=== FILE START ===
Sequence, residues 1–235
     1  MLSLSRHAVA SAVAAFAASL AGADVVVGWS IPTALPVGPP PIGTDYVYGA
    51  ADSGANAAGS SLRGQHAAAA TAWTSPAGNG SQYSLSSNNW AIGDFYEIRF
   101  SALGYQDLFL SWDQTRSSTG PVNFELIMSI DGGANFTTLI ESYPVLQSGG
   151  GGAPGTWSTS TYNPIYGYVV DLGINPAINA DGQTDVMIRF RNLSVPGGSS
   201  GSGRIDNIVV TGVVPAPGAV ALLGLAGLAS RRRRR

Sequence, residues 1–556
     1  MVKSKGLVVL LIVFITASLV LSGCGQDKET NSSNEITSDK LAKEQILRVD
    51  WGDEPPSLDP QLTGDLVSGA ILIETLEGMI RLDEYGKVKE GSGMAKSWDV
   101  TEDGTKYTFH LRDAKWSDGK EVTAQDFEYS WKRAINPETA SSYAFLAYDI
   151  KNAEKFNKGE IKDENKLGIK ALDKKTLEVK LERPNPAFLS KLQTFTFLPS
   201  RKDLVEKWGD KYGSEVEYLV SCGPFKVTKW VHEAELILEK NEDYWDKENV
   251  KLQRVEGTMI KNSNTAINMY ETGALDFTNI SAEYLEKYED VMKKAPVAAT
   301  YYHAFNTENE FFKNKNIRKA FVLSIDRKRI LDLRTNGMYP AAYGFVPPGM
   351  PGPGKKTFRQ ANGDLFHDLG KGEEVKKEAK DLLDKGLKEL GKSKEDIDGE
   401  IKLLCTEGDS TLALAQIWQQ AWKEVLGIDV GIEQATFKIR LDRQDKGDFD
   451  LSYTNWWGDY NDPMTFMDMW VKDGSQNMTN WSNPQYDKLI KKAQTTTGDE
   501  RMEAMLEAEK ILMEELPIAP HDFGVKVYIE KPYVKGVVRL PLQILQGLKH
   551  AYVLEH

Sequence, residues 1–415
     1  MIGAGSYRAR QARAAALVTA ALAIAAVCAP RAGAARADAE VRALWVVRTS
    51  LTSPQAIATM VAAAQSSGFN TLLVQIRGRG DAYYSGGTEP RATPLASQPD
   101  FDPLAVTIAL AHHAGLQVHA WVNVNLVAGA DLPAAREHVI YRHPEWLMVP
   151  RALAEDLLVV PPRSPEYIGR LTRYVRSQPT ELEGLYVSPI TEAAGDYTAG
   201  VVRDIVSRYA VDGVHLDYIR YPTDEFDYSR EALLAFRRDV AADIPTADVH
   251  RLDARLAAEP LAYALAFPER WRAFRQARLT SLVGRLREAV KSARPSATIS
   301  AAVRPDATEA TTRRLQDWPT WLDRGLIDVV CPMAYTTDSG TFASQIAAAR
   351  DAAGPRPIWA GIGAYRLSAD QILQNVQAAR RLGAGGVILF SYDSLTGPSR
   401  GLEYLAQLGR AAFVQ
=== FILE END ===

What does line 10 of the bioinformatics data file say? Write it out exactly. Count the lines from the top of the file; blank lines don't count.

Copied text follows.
   101  TEDGTKYTFH LRDAKWSDGK EVTAQDFEYS WKRAINPETA SSYAFLAYDI